Oct 23, 2019

A growing emergency medical services problem in rural America

A paramedic prepares an ambulance for upcoming calls in Evergreen, Colorado. Phot: Kathryn Scott/The Denver Post via Getty Images

Ambulance services are closing in record numbers across rural America after failing to make ends meet, leaving 60 million Americans at risk of having no help in a medical emergency, NBC News reports.

The big picture: Some states are giving money to emergency medical services, but experts say it's not enough to solve the problem.

Between the lines: This is partially a staffing issue — which also drives the rural doctor shortage.

  • Rural areas tend to be populated with older, sicker and lower-income people than urban areas.
  • Not only does this create an unmet demand for health care services, but it also means there aren't many people in the community to serve — often on a volunteer basis — as emergency medical personnel.

The issue is compounded by rural hospital closures. Ambulances have to transport patients farther than they did before.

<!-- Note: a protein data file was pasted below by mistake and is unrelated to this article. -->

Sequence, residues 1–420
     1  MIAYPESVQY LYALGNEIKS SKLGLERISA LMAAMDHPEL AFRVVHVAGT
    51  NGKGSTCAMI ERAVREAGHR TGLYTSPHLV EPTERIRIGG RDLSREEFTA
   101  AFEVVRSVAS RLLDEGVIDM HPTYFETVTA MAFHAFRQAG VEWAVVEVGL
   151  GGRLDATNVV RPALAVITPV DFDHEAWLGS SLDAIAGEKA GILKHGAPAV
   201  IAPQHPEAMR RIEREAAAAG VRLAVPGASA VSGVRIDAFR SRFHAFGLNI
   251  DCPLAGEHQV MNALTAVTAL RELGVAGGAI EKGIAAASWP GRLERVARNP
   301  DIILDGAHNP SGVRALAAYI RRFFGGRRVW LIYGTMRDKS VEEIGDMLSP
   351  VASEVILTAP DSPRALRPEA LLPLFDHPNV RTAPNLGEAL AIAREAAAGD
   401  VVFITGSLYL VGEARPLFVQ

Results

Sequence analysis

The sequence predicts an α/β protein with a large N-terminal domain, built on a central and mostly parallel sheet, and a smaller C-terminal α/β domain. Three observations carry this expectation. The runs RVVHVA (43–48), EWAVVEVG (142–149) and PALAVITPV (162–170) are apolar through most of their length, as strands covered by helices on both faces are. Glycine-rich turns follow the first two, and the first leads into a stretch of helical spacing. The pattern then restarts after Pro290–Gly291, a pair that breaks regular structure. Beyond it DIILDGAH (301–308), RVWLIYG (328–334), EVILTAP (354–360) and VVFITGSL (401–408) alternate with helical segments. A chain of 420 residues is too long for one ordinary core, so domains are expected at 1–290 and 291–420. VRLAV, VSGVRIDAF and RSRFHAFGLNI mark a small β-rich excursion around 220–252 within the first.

• Since EMS programs are reimbursed per call, longer drives means less calls and thus less revenue.

Go deeper: The plight of America's rural health care

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Rural Americans can't catch a break

Data: CDC; Chart: Andrew Witherspoon/Axios

Preventable diseases are deadlier in rural America than in urban areas, a new CDC report says.

The big picture: More than 46 million Americans live in rural areas, and the system often works against them in nearly every dimension of care.

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Why cities lose high-stakes elections

Illustration: Sarah Grillo/Axios

The rural-urban divide is the defining split in American elections, and that often disadvantages cities, even though they have more voters.

Why it matters: With Democrats clustered in cities and Republicans spread out among exurbs, suburbs are now critical battlegrounds. For example, Democrats swept Virginia's elections Tuesday night thanks in part to suburban voters.

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Health insurers are eating higher medical costs

Data: Company filings; Chart: Naema Ahmed/Axios

Almost all of the major health insurance companies are spending more on medical care this year than they have in the past.

The big picture: Rising prices and more services for some sicker patients are among the many reasons why this is happening. That uptick in spending has freaked out Wall Street, even though insurers are still quite profitable.

Go deeperArrowNov 7, 2019